Saturday, September 24, 2016

Terrain: Gallows

What it is: A gallows, for hanging criminals.

How I made it: Loads of coffee stirrers, balsa wood, hot glue, and some twine. Also I painted it using P3 Umbral Umber, P3 Beast Hide (drybrushed), and then P3 Hammerfall Khaki (drybrushed).

What I learned: Originally I tried staining the wood, but there was 2 major problems. First, the stain doesn't really work on coffee stirrers and balsa wood. Second, the stain caused some of the hot glue to detach, which meant a lot of fixing. Also, wood stain smells horrible and takes a long time to properly dry.

Rules for Malifaux: Ht 1 models can walk under unimpeded. Ht 2 models can walk under as severe terrain. Walking up the steps requires no additional cost for climbing, but anywhere else must pay 4" to go up before moving onto the platform. The platform is a vantage point. targeting between above and below the platform is not blocked.

Terrain: Water Tower

What it is: A water tower! Shocker!

How I made it: Lots of balsa wood, wooden dowels, coffee stirrers, popsicle sticks, hot glue, and a single empty food can. I also used some simple craft foam to make the bands around the giant barrel.

What I learned: This actually was inspired mostly by a tutorial or youtube video I'd seen a while. I will say though that I learned using hot glue is much easier for this type of construction that normal glue. Shockingly easier.

Rules for Malifaux: Soft Cover while in the ground area contained by the posts. Beginning a Wk action at the base of the ladder allows for getting to the top in a single 1AP.

Terrain: Angel Statue

What it is: A weeping angel status to watch over those about to die.

How I made it: Very simple. I bought a "Doctor Who Angel" statue, hot-glued it to a small empty can, and then painted it. I used some of the ModelMates weathering paints to quickly speed the process as well, which they worked great on.

What I learned: Honestly, this was a super simple project. Mostly I just learned that there are Doctor Who Weeping Angle christmas ornaments.

Rules for Malifaux: Blocking, Impassable, Hard Cover

Friday, September 23, 2016


Nothing fancy. Just wanted to make them stand out.

Thursday, September 22, 2016

Terrain: Serene Fountain

Here's the first of a recent surge of terrain building for Malifaux. I've been horrible about taking in-progress pictures, so these are less like tutorials and more like post mortems.

What it is: It's a peaceful looking fountain. It's not meant to be spooky or daemonic or evil or anything like that. Just a nice peaceful centerpiece to a town.

How I made it: I started with a form for the well from a mission kit I got at Michaels. Sorry, no link for it as I can't find it listed anywhere. It came in 2 halves and had the basic stonework pattern to it. I then put it together and attached it to a piece of chipboard, using some clay to attach it down. I then built up some styrofoam blocks and plastic tube to create the fountain part, and added some mixed grain sand around the outside edge. Next I primed and painted it up, putting a little extra effort into the bronze tubes to give them a weathered look. After that I added moss and grass and such, putting a little extra highlighting on all that stuff. The falling water was the tricky part. I used some fishing line and glued it at both ends (inside the tubes and to the bottom of the well), and then applied a liberal amount of gel super glue to the lines and let that dry. Next I poured Envirotex into the well part and let that dry for 24 hours. After that I applied a thin layer of uneven super heavy gloss gel and let that dry overnight to give the water surface a much more uneven look.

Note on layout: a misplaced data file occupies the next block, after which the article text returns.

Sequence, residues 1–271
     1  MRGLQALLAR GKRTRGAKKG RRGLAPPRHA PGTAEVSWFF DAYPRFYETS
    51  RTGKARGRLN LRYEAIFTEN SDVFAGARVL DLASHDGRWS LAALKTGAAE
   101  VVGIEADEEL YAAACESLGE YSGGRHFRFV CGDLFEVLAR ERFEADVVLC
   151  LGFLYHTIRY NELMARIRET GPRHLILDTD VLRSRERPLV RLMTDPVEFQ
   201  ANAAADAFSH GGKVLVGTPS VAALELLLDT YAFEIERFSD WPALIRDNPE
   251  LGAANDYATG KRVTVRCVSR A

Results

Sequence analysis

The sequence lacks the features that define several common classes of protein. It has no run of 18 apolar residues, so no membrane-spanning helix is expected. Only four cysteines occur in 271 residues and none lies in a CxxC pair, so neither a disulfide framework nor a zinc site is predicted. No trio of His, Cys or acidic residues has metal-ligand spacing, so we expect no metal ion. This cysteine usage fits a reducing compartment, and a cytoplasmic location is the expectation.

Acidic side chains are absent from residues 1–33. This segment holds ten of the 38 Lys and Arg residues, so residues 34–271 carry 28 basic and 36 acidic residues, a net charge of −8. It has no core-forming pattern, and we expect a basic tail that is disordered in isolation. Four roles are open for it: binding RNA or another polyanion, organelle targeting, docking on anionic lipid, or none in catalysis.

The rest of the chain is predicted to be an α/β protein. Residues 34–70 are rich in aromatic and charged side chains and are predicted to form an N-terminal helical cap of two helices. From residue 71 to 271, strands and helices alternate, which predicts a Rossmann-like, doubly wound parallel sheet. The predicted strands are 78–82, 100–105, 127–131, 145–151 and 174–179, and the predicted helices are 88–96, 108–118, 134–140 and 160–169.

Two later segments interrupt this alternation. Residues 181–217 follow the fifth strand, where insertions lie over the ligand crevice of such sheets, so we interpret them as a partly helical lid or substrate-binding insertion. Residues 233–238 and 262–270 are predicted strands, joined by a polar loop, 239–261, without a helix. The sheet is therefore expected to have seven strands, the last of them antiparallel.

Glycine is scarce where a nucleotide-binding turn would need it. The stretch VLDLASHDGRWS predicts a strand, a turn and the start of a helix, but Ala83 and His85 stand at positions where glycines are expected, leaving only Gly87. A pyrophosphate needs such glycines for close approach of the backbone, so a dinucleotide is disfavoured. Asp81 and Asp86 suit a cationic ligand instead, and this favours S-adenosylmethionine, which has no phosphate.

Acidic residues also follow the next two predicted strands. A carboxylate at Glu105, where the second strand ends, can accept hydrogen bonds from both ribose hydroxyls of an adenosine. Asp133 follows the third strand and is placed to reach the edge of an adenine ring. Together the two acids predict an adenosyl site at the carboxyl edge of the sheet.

What I learned: Here's a really great video tutorial by Terrain Wench of doing pool water effects that I highly recommend. I learned a lot from this. Some key things that I would do differently in the future are as follows: First, I would do a much better job of sealing up the bottom edge of the pool, since a fair amount of Envirotex leaked out and made a mess. I was somewhat prepared for this, but in hindsight I should have just gone the extra mile to make sure. Second, I would change the angle of the water pouring out from the fountain pipes. It just doesn't look quite right unfortunately. Third, I would use Terrain Wench's tip and pour the Envirotex in multiple layers, do a very minor amount of swirling of wash medium to make it look more uneven. Other than that though, I am really quite happy with my first attempt and animated water effects. I'm already dreaming up ideas for more such projects.

Rules for Malifaux: Ht 1.5", Blocking, Impassable, Hard Cover

Wednesday, September 21, 2016

Terrain: Malifaux Style

In an effort to get our Malifaux games to the next level of awesomeness, I'm embarking on a terrain quest. Terrain is far more important in Malifaux than in any other miniatures game I've ever played. Coming from Warmachine predominantly, but also Dropzone Commander, Warhammer, 40K, and so on, terrain was essentially window-dressing and an afterthought. For Malifaux though, it dramatically swings the balance of the game. After playing the first couple games of our campaign, it became painfully obvious to me that I needed to do some research as well as some terrain building. The first step was to tap into my primary resource for Wyrd stuff: A Wyrd Place, the completely awesome Facebook group of Wyrd players. This is hands down my favorite miniatures game Facebook group due to the positive attitude and helpful nature of everyone on it. In addition to getting several good insights, I got links for some excellent resources. First I'll share the resources, then the remainder of the post will be a summary of all the stuff I took away from all the helpful comments and resources that I read.